Wednesday, January 14, 2015

Zen Birding at Chocoyero-El Brujo Reserve

On January 13, Managua-based birder Howard Youth visited Chocoyero-El Brujo Reserve for the first time. The reserve protects an intact dry forest less than 30 kilometers from Managua. Thanks to a well-marked trail system, a visit here allows you to guide yourself through the forest without fear of getting lost.

The reserve is best known for its nesting Pacific Parakeets but for birders, there is far more to see. Hiking within the forest rather than along its edges challenges you to bird like a ninja--listening for rustles and chips, anticipating motion and tracking shadows with your binoculars until you see your birds. Youth hiked along the Congo Trail and back on the main trail from about 8:15 a.m. to noon. Bird activity was constant the entire time. This might have been thanks to the weather, with patchy overcast and cool breezes that prolonged foraging of mixed bands of birds in the interior.

On his visit, Youth saw many wintering songbirds, including two Worm-eating Warblers, several Black-and-white Warblers, three Kentucky Warblers, a few Ovenbirds, an American Redstart, a few Yellow-bellied Flycatchers, and a Swainson's Thrush. Ant activity seemed to draw a gang of mostly resident birds to the same patch of forest floor--Red-throated Ant-Tanager, Gray-headed Tanagers, an Orange-billed Nightingale-Thrush, a Barred Antshrike, and a large Blue-crowned Motmot were briefly joined by a Wood Thrush. Dusky Antbird, Streak-headed Woodcreeper, Greenish Elaenia, and Yellow-billed Cacique were among the forest interior birds seen in other areas.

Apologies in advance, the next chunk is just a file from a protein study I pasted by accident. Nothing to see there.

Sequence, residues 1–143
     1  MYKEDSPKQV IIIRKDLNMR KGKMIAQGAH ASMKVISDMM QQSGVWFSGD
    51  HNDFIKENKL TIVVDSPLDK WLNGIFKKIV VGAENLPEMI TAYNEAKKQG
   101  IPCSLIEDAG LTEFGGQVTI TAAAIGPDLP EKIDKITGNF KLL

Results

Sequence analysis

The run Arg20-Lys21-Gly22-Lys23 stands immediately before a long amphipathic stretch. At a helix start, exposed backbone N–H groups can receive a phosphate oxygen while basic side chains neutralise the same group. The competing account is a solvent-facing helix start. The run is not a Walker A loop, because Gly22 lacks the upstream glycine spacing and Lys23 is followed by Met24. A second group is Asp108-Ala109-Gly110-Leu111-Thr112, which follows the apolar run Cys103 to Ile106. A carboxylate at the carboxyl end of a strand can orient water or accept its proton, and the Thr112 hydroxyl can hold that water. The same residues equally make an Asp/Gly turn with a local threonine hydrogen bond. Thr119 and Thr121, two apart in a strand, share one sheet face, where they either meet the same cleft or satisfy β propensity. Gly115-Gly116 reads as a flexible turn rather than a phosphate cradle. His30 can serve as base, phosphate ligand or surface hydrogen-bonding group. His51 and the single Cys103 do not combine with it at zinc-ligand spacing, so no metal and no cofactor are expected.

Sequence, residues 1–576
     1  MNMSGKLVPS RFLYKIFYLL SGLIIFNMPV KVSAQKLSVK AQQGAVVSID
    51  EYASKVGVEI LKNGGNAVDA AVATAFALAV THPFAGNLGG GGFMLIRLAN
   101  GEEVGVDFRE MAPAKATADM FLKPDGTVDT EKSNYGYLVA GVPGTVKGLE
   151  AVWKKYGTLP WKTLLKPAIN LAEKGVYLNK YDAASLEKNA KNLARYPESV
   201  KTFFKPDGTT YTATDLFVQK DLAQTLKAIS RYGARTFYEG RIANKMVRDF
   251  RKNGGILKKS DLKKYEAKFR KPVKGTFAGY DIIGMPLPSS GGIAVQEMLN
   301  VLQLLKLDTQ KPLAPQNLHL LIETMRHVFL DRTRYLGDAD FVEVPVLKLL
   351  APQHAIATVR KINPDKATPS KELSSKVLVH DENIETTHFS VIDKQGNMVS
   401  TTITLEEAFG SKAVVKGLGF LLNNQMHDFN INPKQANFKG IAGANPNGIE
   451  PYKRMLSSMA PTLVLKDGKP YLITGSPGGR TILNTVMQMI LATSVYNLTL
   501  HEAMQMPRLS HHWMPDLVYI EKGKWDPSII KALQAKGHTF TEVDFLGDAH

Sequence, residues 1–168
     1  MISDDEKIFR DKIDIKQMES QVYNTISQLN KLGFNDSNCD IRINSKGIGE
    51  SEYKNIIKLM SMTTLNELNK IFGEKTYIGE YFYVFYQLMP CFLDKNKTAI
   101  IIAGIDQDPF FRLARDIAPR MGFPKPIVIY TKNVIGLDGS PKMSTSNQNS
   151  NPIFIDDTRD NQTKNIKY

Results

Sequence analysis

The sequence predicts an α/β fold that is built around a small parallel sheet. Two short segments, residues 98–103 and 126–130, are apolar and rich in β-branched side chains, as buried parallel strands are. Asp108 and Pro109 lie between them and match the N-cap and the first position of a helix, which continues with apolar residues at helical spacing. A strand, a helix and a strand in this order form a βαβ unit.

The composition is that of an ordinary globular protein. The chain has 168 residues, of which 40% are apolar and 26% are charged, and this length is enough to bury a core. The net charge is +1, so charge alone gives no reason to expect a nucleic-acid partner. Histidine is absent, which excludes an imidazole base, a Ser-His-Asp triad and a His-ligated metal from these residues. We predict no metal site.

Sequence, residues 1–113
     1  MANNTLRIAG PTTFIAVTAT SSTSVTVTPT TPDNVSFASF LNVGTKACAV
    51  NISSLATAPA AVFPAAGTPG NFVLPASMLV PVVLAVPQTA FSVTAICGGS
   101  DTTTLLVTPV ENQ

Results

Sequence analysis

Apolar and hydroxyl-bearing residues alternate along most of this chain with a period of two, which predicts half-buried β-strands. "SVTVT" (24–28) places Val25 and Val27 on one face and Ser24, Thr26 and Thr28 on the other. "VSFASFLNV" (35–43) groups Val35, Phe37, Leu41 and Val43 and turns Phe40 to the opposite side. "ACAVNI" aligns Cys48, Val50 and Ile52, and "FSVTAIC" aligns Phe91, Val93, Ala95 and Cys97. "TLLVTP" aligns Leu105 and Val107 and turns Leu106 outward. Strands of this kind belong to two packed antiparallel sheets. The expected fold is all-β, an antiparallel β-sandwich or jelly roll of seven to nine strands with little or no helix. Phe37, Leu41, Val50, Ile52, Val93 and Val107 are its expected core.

Chocoyero is a well-known birding site, but for the first-time visitor, arriving there can be a challenge. In rainy season you'll likely need four wheel drive. In dry months, high clearance vehicles will have a much easier time, though they're not usually necessary, as evidenced by the caponeras that ply the road.

Don't be afraid to ask for directions once you turn off the highway. This will get you started: First, head south on Carretera Masaya. Turn right at the Ticuantepe traffic circle (a tree of life is there) and continue to the first traffic light (in Ticuantepe), where you turn right onto the Ticuantepe-La Concha highway. Watch for km markers. The turnoff to the reserve is on the right at 21.5 KM and is marked with a reserve sign. As you turn right off the highway, you will need to take a sharp U or hairpin turn that takes you down a hill.

Once off the highway, you have about seven more unpaved KM to reach the reserve parking lot. The track starts with pavers then quickly surrenders to dirt. There are a number of reserve signs pointing the way and a number of cross roads where there's simply no signs at all. When you find no signs, try to keep to the widest track. At one point there's an unmarked T junction where you need to turn left. After pineapple, banana, and pitaya groves, you enter coffee plantations for the last KM or so. You are getting close when you see a huge boulder on the left side amid the coffee. The reserve parking lot is at the end of the road.

Without detours, you can reach Chocoyero-El Brujo Reserve in a bit under an hour from Altos de Santo Domingo. Proceed to the headquarters building next to the parking area. For residents, admission is 40 cords. For another fee, you can hire a guide as well.

--Submitted by Howard Youth
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